The next men’s DWS is this weekend (26-28 March) featuring items from the wardrobes of Elton John and David Furnish (raising money for their Aids Foundation charity); the next women’s is 18-20 June.

For other sample sales in London, visit Sample Sales London. If you live in Manchester, try the Manchester Fashion Network. If you live somewhere else and know of any others, then do let us know.

#34 Eat better, not more

In Food & Drink, White collar denial on March 5, 2010 at 6:15 pm

Several months of comforting myself with comfort food (see post #25) have left me feeling slightly uncomfortable. Not least around the waist area. So I have decided to heed the advice of my veg box supplier which is sending me leaflets saying ‘Eat Better, Not More’ and my local wine merchant which has recently emblazoned across it’s facade ‘Drink Better, Not More’. Read the rest of this entry »

#27b After Van Gogh

In Food & Drink on January 22, 2010 at 12:10 am

After visiting the Royal Academy, I thought I’d nip across the road and kill time in Fortnum & Mason, just for the Hell of it. And because I like the colour of the facade.

Now I’ve no idea who actually buys things in there, but the descriptions of some of the sweetmeats and other foodstuffs were so joyously ambrosial, I felt moved to share them: Read the rest of this entry »

#21 A little luxury

In White collar denial on December 29, 2009 at 3:13 pm

Is it just me, or do things feel more luxurious when they come in a black and yellow shop-box and folded in tissue paper? A sense that whatever is inside must be really precious.

It feels so long since I’ve had anything really special, or shopped at the department store with the black and yellow insignia, that it’s safe to say that it wouldn’t have mattered what was inside the tissue paper as the packaging was thrill enough (for anyone interested, it was a gorgeous scarf from a well-known knitwear specialist which I’ve been wearing to watch TV).

This year’s Christmas haul was really quite pleasing – including a  black Moleskine diary to encourage me to move on from the succession of Time Out diaries that saw me through the last decade (they still haven’t sent me the one they promised me in exchange for all the free work I did).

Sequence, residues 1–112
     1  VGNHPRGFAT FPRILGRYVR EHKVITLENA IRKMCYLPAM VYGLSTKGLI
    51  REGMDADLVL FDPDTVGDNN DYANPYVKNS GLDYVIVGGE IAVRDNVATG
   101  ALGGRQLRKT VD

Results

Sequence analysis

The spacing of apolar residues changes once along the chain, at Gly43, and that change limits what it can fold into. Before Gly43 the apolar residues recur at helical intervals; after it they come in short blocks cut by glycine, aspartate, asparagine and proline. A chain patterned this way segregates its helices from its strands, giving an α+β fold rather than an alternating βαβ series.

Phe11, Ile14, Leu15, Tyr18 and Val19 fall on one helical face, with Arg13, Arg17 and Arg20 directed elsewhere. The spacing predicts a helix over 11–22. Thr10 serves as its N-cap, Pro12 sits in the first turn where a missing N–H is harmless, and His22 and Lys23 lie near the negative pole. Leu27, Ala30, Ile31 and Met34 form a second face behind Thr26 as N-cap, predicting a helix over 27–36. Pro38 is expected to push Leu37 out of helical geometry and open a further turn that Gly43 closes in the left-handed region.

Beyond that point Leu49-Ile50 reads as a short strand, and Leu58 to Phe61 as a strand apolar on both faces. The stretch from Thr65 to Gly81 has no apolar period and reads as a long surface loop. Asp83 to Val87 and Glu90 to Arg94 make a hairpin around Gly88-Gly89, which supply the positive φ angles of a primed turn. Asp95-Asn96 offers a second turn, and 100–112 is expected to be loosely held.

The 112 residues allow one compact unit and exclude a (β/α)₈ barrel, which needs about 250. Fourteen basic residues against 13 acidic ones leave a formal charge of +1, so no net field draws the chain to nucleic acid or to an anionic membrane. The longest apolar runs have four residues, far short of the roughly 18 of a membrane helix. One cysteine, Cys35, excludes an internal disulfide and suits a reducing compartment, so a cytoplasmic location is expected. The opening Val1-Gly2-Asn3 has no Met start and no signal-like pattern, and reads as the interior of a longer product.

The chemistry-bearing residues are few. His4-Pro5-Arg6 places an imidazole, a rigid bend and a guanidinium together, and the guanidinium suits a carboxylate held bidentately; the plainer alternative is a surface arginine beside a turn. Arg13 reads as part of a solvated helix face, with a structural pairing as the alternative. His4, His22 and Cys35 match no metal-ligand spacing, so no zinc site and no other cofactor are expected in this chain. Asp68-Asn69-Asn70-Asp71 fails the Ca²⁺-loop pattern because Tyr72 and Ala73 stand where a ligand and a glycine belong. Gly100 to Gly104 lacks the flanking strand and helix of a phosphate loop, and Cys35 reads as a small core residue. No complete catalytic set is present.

Meanwhile my present to myself was a Hummingbird Red Velvet cupcake, provoked by someone buying me a book of pictures of Hummingbird cakes imagining that I’d be able to replicate them in my own kitchen – as if. Again, the cake was made all the more delicious for being packaged in its own tiny box with wire handle. Divine decadence (as it should have been at that price).

We also stayed overnight in a hotel! OK, a Premier Inn. OK, a Premier Inn in Watford. OK, a Premier Inn, in Watford, with a view of Tesco car park, the ring road, and the Euston-Stoke railway line. But even these looked magical in the wintry sunrise, the light sparkling off the frozen windscreen of the VW.

For really all we want for Christmas is to feel special. And a pretty scarf in a box, or an individual cupcake, do that. I remember one year receiving an expensive set of stacking kitchen bowls, a duvet cover, and oven gloves – Finnish designed and useful additions to the house, but a brutal reinforcement of my position in it.

I’m afraid unlike more energetic recessionistas, I failed to enforce a DIY Christmas. I didn’t make a wreath for my door (and did I miss the memo that these were suddenly compulsory this year?). I didn’t string up spray-painted pine cones and dried fruit by way of festive garlands, I just dug out last year’s fairy lights and tucked the sections that didn’t work under some branches of the tree. I didn’t make my own Christmas pudding (why bother, when Dutchy originals will do it for you?). I didn’t run up Christmas Eve stockings from old clothes – I bunged some brightly coloured ‘bags for life’ in the fireplace. I bought my plum and apple chutney from the school home produce stall. And I forced my mum to make mince pies and jam tarts with my children. And they were still inedible.